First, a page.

Well, I’d hope that a common love of fat, sugar, bacon, and caffeine would aid in letting my dismissal of fruit slide. Because it is the truth. Save for apples, grapes, and blueberry pie, very few fruits taste delicious. Pears, plums, nectarines, apricots, strawberries, blackberries, watermelon, cantaloupe, oranges, clementines, all of the above do not, in anyway, appeal to my palate. Yes, it makes no sense. If I love sugar like I claim to, then fruits are the easiest and healthiest way for me to take advantage of nature’s natural glucose. And, yet.

I cannot explain my aversion to fruit. Sometimes, it’s the texture that gets me, but more often than not, it’s the flavor. That floral, soapy, fruity flavor. Ugh.

This fruit-avoidance is the reason for the skewed ratio of non-fruit to fruit desserts on this blog. My family will knowingly answer, “something with fruit?” when I ask what kind of dessert they’d like to eat, only to be shot down with a look. I rarely make an exception outside of birthdays for fruit-based treats. And it is all to my detriment.

It’s more of a hindrance, an annoyance than a culinary position. There is no possible way to defend a dislike of fruit. How I wish a nectarine appealed to me, if only, my life would be make all the more easy. More times than I would like to recall have I had to forgo a delicious sounding chocolate tart because of errant raspberry sauce. Yes, please, can I have that brown butter pound cake, but please hold the compote. A trio of ice cream you say? What about just the chocolate and coffee duo, minus that horrid passion fruit crème? Espresso with an overtone of blackberry? No, thank you. Beer infused with apricot? I’ll stick to my hops.

So please, imagine my utter glee at happening upon a fruit pastry I’ll gladly eat on a menu. Such an instance occurred at Salt’s Cure in Los Angeles, with an apple, date, pecan, and cheddar crumble. I ordered without need for further explanation. And it was not a crumble in the strictest sense, it was really a tart topped with a mound of streusel, which is never a letdown. The combination of apples and dates, with the salty pecan and subtle to the point of undetectable cheddar was perfect. So perfect, it had to be replicated.

This recipe is ingenious on several levels, the first being wholly technical. The dates, when lining the bottom of a tart shell, act as a natural sponge for the juices the sliced apples will inevitably leak and the result is a date plumped and spiced beyond all hopes and dreams. The apples proved a layer of the best Thanksgiving memories and the crumble, oh, the crumble. Studded with toasted pecans, it’s marvelous. I’ll admit, I had not idea where to put the cheddar. Incorporated into the crust? What about in the streusel?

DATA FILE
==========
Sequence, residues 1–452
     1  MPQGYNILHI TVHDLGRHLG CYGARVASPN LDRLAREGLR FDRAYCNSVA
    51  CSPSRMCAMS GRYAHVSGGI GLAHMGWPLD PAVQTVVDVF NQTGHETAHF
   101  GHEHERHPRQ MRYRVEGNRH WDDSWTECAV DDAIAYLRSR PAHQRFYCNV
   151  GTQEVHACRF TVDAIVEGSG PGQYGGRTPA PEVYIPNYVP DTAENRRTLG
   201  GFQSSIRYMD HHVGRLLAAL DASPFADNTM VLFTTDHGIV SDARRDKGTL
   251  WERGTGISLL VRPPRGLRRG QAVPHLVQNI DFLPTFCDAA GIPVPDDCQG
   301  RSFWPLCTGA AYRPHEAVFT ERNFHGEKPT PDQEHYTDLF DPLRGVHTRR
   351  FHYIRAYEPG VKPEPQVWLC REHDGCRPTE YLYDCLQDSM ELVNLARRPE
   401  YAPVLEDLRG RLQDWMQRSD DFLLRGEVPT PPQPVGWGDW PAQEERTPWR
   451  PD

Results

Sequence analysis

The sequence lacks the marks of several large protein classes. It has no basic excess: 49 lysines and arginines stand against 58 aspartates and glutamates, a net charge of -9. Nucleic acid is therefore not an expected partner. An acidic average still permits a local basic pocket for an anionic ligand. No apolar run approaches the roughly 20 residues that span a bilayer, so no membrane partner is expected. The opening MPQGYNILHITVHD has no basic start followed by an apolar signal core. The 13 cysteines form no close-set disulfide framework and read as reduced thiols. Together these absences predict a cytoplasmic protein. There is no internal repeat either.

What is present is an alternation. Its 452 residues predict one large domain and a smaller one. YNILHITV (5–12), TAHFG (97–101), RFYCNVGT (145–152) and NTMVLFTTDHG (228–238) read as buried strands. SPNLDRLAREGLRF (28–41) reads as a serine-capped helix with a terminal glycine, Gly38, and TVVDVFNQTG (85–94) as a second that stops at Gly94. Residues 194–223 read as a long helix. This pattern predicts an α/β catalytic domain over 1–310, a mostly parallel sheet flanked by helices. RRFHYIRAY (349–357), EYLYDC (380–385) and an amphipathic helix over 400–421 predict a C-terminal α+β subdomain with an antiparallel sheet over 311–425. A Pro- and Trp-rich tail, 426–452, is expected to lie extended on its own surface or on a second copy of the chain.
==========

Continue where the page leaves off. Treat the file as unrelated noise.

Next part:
Opting for the classic ‘in the filling’ American tactic, I grated little more than a teaspoon of cheddar atop each tart before topping them off with streusel. The result? A hint of earthy saltiness at the end of each bite.

Recipe on the following page.

Georgetown (Baked and Wired).

If last week’s testimony to Georgetown coffee shop and bakery Baked and Wired didn’t convince you to visit, if the idea of banana cupcakes topped with peanut butter frosting and chocolate drizzle somehow didn’t justify a leisurely stroll, Metro ride, drive, train trip, plane flight, sail…let me try again.

Yes, it may takes upwards of ten minutes for espresso drinks, yes there is never anywhere to sit and yes, sometimes the lines are extreme.  But, it’s worth it.  That’s what I’ve concluded.  While, during the ten minutes after you place your espresso order, it may seem like torture, caffeine-deprived torture, once that perfectly capped, wet-foam drink is in your hands, in your stomach, poured over your head or drizzled onto your eye if eyeballing is the game du jour, the wait is worth it.  Always.

On the plus side, if you go during normal hours on the weekdays, for a mid-morning, lunchtime, mid-afternoon or casual evening visit, there are generally nominal or no lines.  (Though the requisite ten or so minutes still happen. Good espresso takes time, a sentiment that is rapidly becoming the ultimate Catch-22 of my short life.  I desperately need it to wake up and function, but I have to go, purchase and wait.)

In a town that seems to run on good espresso, with Dupont’s Dolcezza and Filter and Chinatown’s Chinatown Coffee Company rounding my top favorite espresso shops, Baked and Wired has the additional plus of a lovely pastry case.

Never a bad thing.